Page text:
SF Auto Show, Moscone Center, Fuel CurveMoving to the South Hall, we were blown away by the Audi, Jaguar, and Acura booths. All three were interactive with vehicles, tech displays, and beautiful models smiling and showing off the new whips. Dodge and BMW were fairly predictable with their signature lineups and to be honest – they had too many vehicles on display. The 2018 Hellcat Charger in a deep blue was nice but there was no widebody Hellcat Challenger on hand which bummed us out. The Bimmers looked exactly like the 2015-2017 models. Meh.

SF Auto Show, Mascone Center, Fuel Curve

Mercedes had a slew of cars to ogle over including the Grinch-colored GT-R. The G63 AMG remains our favorite SUV of all time and looked wonderful in white.

SF Auto Show, Mascone Center, Fuel Curve

SF Auto Show, Mascone Center, Fuel CurveSF Auto Show, Mascone Center, Fuel CurveWith the vast sea family sedans and SUV’s on display, the “Performance Salon” in South Hall was a welcome oasis. The Academy of Art University had an incredible array of vintage vehicles running the gamut from Duesenberg’s, to Chrysler Woodies to Muscle Car offerings. The Mercedes SL 300s weren’t bad either! The exotics section was a top draw with Ferrari’s, Lambo’s and more on display. It was also the spot for the spiciest models, as in blondes in leather pants.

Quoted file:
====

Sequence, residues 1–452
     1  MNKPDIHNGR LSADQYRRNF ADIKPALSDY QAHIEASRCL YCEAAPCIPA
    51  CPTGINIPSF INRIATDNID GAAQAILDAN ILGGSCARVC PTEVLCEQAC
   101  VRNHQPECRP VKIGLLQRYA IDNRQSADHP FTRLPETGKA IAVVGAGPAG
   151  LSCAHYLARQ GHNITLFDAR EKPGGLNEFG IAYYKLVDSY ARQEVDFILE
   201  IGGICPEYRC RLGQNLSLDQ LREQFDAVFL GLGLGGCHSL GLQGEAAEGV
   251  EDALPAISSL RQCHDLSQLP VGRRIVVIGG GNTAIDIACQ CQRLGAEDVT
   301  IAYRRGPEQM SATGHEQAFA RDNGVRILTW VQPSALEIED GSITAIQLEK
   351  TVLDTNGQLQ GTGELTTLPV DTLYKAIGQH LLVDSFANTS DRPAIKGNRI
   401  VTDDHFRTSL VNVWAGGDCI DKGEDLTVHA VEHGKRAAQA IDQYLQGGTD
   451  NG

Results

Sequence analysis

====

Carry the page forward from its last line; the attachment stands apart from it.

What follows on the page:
SF Auto Show, Moscone Center, Fuel CurveWe saw some street machines and the Rauh-Welt 911 in the main lobby brought us to our knees. Who would have ever thought Japanese stylists are the best in the world at modding bad ass Porsche’s?

SF Auto Show, Mascone Center, Fuel Curve